Digital News Report – An unusual law took effect in California that bans people from taking pictures of celebrities, if they invade their privacy doing so. This is bad news for paparazzi since Hollywood is located in the Golden State.
But the law is especially good news for celebrities who are run down by camera carrying paparazzi. Jennifer Aniston reportedly said “There have to be some boundaries. When you have children in the car and the photographers are rushing you, it’s just absolutely out of control.” Aniston played a key role in getting this legislation passed.
Here is a synopsis of the bill:
This important privacy protection measure seeks to strengthen existing legal law designed to thwart privacy invasions that can cause great harm to many Californians. In response to the 1998 death of Princess Diana, and other reports of overzealous paparazzi endangering celebrities and those around them, the
Legislature created a statutory cause of action for “invasion of privacy” to supplement the common law tort of invasion of privacy, and the tort of “intrusion” in particular.
The statutory cause of action for “physical invasion of privacy” covers the knowing entry onto the land of another, or invasion of another place where a person has a reasonable expectation of privacy, in order to capture an image or recording of that person engaged in a “personal or familial” activity.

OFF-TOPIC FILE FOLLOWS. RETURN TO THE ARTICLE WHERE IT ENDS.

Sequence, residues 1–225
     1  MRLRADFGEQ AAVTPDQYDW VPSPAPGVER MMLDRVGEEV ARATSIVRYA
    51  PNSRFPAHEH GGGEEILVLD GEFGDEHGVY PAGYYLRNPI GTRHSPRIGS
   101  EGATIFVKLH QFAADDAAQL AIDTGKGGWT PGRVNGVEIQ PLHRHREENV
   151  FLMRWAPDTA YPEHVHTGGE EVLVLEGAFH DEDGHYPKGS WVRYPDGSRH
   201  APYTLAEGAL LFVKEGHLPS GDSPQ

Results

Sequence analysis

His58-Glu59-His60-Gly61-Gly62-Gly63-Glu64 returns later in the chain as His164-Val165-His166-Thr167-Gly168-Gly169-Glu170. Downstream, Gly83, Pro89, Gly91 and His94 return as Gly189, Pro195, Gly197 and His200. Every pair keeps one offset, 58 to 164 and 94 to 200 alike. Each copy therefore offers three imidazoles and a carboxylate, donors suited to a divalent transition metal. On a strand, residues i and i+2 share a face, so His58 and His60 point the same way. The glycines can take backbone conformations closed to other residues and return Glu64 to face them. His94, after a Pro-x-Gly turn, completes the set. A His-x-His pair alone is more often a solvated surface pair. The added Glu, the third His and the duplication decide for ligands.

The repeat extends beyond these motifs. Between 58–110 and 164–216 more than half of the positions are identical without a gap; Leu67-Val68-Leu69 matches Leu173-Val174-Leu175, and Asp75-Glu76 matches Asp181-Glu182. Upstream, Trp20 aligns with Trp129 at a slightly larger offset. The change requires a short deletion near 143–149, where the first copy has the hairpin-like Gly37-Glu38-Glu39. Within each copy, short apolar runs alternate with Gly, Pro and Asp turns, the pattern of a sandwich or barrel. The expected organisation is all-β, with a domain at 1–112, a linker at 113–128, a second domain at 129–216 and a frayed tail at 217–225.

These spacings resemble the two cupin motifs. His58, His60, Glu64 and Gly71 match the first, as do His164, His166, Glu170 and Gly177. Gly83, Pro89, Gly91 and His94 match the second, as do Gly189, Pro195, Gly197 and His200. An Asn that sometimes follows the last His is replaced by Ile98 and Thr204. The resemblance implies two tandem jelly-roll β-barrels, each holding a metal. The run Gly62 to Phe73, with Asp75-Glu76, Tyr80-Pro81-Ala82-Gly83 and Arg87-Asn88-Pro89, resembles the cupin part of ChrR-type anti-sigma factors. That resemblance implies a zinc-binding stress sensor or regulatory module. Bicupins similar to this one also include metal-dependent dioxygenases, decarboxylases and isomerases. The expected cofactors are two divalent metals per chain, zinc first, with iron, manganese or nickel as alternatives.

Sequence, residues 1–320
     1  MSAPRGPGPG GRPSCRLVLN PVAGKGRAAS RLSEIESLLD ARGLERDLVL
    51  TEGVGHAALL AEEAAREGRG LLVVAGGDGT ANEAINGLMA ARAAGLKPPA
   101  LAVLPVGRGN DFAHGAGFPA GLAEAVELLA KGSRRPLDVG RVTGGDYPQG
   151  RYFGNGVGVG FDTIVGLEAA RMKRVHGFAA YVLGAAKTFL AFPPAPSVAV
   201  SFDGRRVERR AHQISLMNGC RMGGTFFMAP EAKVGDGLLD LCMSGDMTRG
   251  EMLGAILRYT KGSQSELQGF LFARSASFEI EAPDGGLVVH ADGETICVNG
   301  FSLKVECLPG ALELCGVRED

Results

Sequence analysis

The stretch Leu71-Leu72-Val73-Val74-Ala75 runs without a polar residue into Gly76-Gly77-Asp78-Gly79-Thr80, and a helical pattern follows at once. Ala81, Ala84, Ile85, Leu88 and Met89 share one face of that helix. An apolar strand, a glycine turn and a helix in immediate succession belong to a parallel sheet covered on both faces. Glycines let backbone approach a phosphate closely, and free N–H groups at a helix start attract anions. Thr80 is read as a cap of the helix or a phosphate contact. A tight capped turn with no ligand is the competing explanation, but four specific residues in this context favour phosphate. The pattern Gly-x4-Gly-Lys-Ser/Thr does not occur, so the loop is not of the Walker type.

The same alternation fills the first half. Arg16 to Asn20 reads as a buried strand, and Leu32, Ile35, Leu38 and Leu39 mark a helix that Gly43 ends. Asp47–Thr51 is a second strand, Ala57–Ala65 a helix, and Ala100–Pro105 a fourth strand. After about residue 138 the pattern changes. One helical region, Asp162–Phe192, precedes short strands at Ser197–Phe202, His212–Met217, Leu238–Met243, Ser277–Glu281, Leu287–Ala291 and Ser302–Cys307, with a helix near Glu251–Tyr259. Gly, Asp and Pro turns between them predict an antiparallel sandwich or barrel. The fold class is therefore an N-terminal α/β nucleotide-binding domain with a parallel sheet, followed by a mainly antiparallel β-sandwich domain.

In addition, the statute creates a cause of action for “constructive invasion of property” where the image or recording is captured from a distance by means of technologically enhanced equipment, where the image or recording could not otherwise have been captured without trespassing on the private space of the subject.
Currently, this statutory action only applies to the person who actually captures the image or recording. It does not apply to a person or entity – such as a newspaper or Internet Web site – that did not directly participate in the act of capturing the image or recording, but then subsequently publishes or broadcasts the potentially illegally obtained image or recording. Indeed, existing law expressly states that the subsequent sale, transmission, publication, broadcast, or use of the image or recording “shall not itself constitute a violation”
The above synopsis came from Mike Feuer, Chairman of the Assembly Committee on Judiciary (April 29, 2009) as the Senate and Assembly were considering passage of the bill.
Other celebrities who supported the bill include Sean Penn and Paul Rodriguez. The bill passed the Assembly on September 10th 2009. Assembly Speaker Karen Bass wrote the bill (AB524).
By: Joel Kirk